Guest Column

The New Face of Truancy

by WILLIAM R. CAPPS

Student truancy has become a pervasive problem in our schools. It is not uncommon for many students entering the middle grades to have accumulated 180 days of questionable absences, the equivalent of a full school year.

No conclusive national data tracks the extent of truancy, but some indicators reveal the problem has become rampant. Education Week reported that in 1997 the average daily absentee rate in high schools was approximately 7 percent. While this may appear low, it masks the fact that the average student is missing 13 days of school each year.

While our stereotype of the truant is that of a high school student on a lark, truancy has a new and younger face. It is the face of Amber, a 2nd grader in Kentucky who missed almost 60 school days in 2000. The younger age of truants indicates the problem has as much to do with parents as with children.

Several states, including Alabama, Illinois, Kentucky and Michigan, have passed tough new statutes that subject parents of chronic truants to criminal fines and incarceration. An Alabama judge ordered one parent to serve a two-month jail term for condoning truancy. Likewise, an Illinois parent was twice sentenced to jail for the truancy of her teen-age children.

Shared Responsibility
Two factors appear to be crucial to successfully intervene with this problem. First, truancy must be viewed as a community priority by the schools, social service agencies and law enforcement. Second, referral of truants by schools and law enforcement to the courts must be docketed and expedited for immediate action.

Truancy is not on the radar screen for many citizens when it comes to issues of law and order, but existing research suggests it is a gateway to crime and deserves communitywide attention. According to the U. S. Department of Education, truancy is “the most powerful predictor of juvenile delinquent behavior.” If not aggressively pursued, truancy can wreak havoc on communities in terms of petty crimes and patterns of violence.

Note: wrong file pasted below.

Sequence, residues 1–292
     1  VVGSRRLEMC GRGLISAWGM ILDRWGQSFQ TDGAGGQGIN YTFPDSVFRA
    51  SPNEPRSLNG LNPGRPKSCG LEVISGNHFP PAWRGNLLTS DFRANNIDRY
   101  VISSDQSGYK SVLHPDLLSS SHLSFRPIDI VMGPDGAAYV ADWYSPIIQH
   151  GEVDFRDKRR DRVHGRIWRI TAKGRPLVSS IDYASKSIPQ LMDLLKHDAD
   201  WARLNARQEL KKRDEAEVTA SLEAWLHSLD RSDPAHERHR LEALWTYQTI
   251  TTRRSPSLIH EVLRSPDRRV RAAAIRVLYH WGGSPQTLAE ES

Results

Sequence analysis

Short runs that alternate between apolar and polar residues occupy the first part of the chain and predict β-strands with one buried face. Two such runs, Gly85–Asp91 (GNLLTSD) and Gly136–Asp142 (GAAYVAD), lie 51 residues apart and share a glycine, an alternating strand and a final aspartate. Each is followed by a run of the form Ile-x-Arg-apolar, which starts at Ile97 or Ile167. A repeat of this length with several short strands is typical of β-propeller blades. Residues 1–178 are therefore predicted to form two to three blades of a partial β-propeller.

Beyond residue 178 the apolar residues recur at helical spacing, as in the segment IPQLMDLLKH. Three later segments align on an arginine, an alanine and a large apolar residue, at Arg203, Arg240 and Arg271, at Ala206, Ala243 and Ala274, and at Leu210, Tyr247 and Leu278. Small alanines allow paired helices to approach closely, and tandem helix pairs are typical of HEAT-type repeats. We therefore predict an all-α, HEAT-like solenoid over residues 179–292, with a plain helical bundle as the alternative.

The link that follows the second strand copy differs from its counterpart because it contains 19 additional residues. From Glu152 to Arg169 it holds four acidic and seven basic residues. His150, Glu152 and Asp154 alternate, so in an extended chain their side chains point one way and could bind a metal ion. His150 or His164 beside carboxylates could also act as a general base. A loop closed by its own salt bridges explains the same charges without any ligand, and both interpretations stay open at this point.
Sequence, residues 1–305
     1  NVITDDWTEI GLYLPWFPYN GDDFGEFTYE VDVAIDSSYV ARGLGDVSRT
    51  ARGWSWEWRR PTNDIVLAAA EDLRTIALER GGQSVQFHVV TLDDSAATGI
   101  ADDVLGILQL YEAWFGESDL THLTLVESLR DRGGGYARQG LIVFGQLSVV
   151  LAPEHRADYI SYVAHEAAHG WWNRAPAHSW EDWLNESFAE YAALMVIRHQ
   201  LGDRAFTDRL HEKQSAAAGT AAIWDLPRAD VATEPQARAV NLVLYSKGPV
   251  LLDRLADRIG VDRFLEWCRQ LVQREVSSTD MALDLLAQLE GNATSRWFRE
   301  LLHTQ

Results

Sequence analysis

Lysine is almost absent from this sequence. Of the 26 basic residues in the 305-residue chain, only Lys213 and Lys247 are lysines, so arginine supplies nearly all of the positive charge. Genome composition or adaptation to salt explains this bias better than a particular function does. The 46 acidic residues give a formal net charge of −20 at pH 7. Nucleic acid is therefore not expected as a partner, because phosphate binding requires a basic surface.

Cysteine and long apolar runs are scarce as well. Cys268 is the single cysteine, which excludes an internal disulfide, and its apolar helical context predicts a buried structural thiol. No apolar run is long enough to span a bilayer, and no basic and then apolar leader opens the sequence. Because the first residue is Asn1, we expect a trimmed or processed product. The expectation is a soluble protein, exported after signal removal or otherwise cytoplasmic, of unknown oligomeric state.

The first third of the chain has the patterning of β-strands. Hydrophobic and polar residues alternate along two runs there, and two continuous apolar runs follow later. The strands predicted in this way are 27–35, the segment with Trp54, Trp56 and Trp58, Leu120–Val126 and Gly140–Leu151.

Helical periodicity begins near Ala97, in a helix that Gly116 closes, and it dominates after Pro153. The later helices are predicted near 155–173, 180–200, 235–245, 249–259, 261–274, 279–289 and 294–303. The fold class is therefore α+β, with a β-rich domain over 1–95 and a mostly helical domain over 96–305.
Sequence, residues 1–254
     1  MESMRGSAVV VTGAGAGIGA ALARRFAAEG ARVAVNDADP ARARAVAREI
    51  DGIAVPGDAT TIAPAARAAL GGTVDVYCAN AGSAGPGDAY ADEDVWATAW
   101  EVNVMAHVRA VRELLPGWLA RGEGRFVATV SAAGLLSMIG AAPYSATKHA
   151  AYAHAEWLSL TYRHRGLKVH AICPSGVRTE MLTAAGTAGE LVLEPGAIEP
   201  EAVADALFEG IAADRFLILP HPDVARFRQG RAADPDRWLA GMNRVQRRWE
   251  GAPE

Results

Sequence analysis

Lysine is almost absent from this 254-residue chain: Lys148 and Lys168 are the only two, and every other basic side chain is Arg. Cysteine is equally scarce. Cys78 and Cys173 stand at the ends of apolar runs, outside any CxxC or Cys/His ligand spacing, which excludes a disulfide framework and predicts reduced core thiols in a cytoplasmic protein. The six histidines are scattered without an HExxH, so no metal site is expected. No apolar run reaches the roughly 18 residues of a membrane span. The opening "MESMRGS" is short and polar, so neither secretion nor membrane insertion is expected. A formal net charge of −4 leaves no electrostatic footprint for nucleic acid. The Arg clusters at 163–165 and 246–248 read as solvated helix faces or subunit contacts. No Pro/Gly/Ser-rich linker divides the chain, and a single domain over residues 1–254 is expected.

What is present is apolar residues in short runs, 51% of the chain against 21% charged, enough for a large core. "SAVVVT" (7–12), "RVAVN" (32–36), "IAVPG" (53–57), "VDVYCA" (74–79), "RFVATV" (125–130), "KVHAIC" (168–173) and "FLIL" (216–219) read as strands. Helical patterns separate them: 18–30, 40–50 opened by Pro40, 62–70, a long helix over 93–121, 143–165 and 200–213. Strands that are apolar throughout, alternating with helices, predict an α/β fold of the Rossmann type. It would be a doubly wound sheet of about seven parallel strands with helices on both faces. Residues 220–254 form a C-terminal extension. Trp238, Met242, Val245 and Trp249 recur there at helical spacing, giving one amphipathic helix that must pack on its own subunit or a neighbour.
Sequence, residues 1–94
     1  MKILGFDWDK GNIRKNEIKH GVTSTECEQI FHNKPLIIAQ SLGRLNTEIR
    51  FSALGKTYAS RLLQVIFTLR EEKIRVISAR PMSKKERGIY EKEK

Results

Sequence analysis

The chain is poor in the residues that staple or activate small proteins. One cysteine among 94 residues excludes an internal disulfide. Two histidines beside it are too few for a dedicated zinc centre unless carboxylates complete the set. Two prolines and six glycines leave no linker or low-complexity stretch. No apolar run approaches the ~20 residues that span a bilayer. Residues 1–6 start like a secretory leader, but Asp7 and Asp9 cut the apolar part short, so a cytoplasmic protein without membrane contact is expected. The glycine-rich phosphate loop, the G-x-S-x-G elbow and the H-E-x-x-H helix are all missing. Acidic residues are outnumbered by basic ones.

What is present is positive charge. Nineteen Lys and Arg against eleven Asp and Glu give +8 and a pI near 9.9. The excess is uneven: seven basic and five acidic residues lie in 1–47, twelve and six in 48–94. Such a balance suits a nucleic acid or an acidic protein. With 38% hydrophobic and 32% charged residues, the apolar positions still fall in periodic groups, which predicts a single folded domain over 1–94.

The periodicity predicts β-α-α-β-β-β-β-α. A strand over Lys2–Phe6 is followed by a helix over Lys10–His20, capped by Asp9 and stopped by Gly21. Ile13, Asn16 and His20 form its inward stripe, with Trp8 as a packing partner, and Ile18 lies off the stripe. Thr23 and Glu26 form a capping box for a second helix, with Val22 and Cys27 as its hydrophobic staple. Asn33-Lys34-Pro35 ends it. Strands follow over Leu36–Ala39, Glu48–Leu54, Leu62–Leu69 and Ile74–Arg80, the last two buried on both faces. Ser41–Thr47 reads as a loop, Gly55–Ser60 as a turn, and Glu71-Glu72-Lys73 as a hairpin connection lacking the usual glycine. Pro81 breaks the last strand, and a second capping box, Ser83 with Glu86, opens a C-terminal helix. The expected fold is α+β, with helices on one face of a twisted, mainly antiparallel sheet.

The courts are notoriously slow in dealing with truancy cases. This reality is well illustrated in Dallas County, Texas. According to The Dallas Morning News, an analysis by the Dallas Independent School District found that truancy cases sat in courts an average of 73 days before a hearing was conducted. Some cases languished for up to 160 days.

School administrators and other school personnel would be well advised to cultivate personal and professional relationships with court administrators, district attorneys and judges to better inform them of relevant truancy statutes and the need for swift resolution.

Real Consequences
Truants often perceive the world around them as unstable and confusing. Many come from dysfunctional families with weak internal structures, high conflict and emotional insecurity. In the school setting, truants question their academic prowess, exhibit low self-esteem and have difficulty establishing positive relations with peers and school staff. Confrontation is often the hallmark of their school experience.

Former U.S. Secretary of Education Richard Riley once noted: “Truancy is the first warning sign we have that a young person may be giving up hope.” That hope can be restored but school districts must intervene with a firm and empathetic hand. Strong attendance policies should be adopted, publicized and enforced.

The message must be that truancy will not be tolerated and real consequences exist for students and parents.

Many districts have established counseling programs for truants and their families, created before- and afterschool truant support groups and instituted corporate mentoring programs aligned with the career interests of these students. Some districts also have developed specialized tutoring programs designed to build the academic efficacy of truants.

The most important message to communicate to the truant student is that someone cares whether he or she is in school and is experiencing some degree of success.

In a real sense, the truant is a child asking for help, seeking to belong and be connected to an inviting, stable and nurturing world. With a little effort on our part, the school can be such a world.

William Capps, a former superintendent in North Carolina, is chair of the department of educational leadership at Troy State University, P.O. Box 8368, Dothan, AL 36304. E-mail: rcapps@ala.net